A Pristine Gem for Portland’s Pearl District
Portland’s Pearl District isn’t the place it used to be. Beginning in the mid-twentieth century, the district began to emerge from a bygone industrial era. Abandoned warehouses and rutted rail yards became artisan bakeries, craft breweries and indie boutiques – symbols of the urban renaissance that has transformed this corridor into a neighborhood as walkable as it is whimsical. Despite this growth, the Pearl, as it is affectionately abbreviated by locals, could not count a single hotel among its growing commercial ranks.
That was until Howard S. Wright, a Balfour Beatty company, built an award-winning*, LEED certified Residence Inn to complement the trendy district. The six-story, 223-suite hotel offers guests 17 different room configurations as well as amenities including a 16,000-square-foot courtyard with a fire pit, indoor pool, fitness center and a formal conference room among others. With experiential materials and textures such as metal-brushed floor tiles and a rustic accent wall comprised of staggered wooden logs, the hotel captures the spirit of the Pearl – adventurous, artsy, avant-garde.
From Obstacle to Opportunity
Hotel construction may seem formulaic, but this project defied convention from the start. Tests revealed the presence of soil contaminates, which required the development of site-specific safety plans for the removal and relocation of tainted material and capping of the remaining earth. To proactively ensure worker health and safety, Howard S. Wright monitored all employees with pre and post-blood screening – a measure that went above and beyond the requisite provisions of protective clothing and training.
Based on the soil report, driven grout piles were selected for the hotel. Once the first piles were installed, the team quickly discerned that the required depths were significantly greater than originally engineered. To avert emerging issues, the construction and design teams partnered to create an alternate means of reaching the load bearing capacity, ultimately developing a solution that mitigated schedule risk, met budget goals and under-ran the original exposure estimate.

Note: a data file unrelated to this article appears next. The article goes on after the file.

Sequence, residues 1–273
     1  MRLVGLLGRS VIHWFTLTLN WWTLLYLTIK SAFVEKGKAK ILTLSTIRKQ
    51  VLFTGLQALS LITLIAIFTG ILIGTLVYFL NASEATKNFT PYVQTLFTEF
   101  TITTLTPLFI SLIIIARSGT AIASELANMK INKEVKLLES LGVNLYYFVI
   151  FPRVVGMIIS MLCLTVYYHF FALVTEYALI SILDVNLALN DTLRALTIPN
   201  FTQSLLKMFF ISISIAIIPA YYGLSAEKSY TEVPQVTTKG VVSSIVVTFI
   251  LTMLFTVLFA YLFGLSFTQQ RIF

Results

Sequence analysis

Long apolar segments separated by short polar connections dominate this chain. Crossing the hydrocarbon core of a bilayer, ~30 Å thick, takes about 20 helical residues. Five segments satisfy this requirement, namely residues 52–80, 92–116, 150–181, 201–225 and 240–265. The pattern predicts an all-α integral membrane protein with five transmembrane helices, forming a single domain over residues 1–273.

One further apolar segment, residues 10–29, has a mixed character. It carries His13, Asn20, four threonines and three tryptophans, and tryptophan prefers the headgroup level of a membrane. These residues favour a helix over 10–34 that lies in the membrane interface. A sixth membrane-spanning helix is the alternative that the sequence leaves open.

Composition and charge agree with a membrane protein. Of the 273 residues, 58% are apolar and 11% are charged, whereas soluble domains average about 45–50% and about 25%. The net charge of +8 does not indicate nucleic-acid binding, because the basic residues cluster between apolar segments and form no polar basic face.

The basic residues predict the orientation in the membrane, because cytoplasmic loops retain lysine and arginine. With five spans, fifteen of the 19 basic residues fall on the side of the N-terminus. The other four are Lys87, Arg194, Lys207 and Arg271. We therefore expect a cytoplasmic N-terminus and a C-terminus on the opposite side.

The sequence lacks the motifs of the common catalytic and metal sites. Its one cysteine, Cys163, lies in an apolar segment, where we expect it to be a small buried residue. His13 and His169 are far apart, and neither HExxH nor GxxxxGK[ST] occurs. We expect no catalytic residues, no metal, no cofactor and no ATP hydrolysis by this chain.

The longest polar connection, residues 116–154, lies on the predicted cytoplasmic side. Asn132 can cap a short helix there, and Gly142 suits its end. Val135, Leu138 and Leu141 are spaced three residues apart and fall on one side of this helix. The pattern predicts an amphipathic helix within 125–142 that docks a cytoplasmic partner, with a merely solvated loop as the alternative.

Beyond tackling unforeseen obstacles, the project team applied innovative building practices that achieved the following three goals: (1) minimize the impact of construction activities on the local community and environment; (2) accelerate the owner’s time-to-market; and (3) create cost savings opportunities.
Designed with five levels of wood frame over one level of post-tensioned elevated slab, the hotel’s concrete columns are supported on a grout-driven pile foundation system. Compared to other systems, Howard S. Wright’s use of the grout-driven pile helped save time and money. The grout driven system does not produce soil spoils as would a similar auger cast system. Further, the process of driving the grout mandrel is faster and more efficient than driving steel or concrete piles while resulting in less noise and vibration impact. Contributing to the owner’s sustainability goals, this method also reduces material waste, as piles can be installed at varying depths with no material unnecessarily discarded above foundation grade.
As the project went vertical, the Howard S. Wright team discovered additional opportunities for differentiation, specifically with regard to the roof system. The framing contractor worked closely with the joist manufacturer to engineer all the required roof slopes, crickets and structural reinforcements for the fall protection system into the joist top chords. When compared to traditional built cricketing, this provided two weeks of schedule savings between the start of joist erection to the commencement of roof membrane installation. It also eliminated the need for up to 16” of tapered insulation that would have been required to create the roof crickets, thus reducing the roofing installation duration as well. Facilitating a more rapid installation of the roof membrane system enabled the finish and electrical trades to tackle their scopes at an earlier juncture of the schedule.
Located just down the street from Howard S. Wright’s office, the Residence Inn Pearl District is a project as special to the Portland community as it is to the people who were entrusted to build it. And just like each pearl is an oyster’s unique creation – taking years to form, unique in color, luster, size and shape – this project is a true work of art, assembled by a team committed to building a hotel as precious and pristine as the gem in its very name.
* Engineering News-Record (ENR) 2014 Award of Merit-Safety
Daily Journal of Commerce (DJC) Oregon 2015 Top Project finalist